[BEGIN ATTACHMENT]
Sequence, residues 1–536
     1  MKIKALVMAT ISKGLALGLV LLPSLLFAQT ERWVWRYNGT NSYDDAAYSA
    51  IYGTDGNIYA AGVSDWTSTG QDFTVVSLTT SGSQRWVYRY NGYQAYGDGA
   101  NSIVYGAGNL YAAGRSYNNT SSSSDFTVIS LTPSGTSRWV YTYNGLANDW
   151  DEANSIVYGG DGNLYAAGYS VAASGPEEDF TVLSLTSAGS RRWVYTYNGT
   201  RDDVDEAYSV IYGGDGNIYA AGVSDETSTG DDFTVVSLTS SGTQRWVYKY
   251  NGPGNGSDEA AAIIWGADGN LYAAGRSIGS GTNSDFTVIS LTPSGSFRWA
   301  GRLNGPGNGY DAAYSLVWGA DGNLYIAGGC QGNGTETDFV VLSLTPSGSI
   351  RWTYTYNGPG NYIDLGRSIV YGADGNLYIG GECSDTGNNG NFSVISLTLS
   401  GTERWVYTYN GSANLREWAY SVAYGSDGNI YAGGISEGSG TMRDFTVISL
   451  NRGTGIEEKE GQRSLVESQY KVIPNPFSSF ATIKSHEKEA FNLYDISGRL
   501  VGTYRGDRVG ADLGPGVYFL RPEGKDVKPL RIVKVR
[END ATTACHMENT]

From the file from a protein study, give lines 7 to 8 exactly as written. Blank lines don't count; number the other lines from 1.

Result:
   251  NGPGNGSDEA AAIIWGADGN LYAAGRSIGS GTNSDFTVIS LTPSGSFRWA
   301  GRLNGPGNGY DAAYSLVWGA DGNLYIAGGC QGNGTETDFV VLSLTPSGSI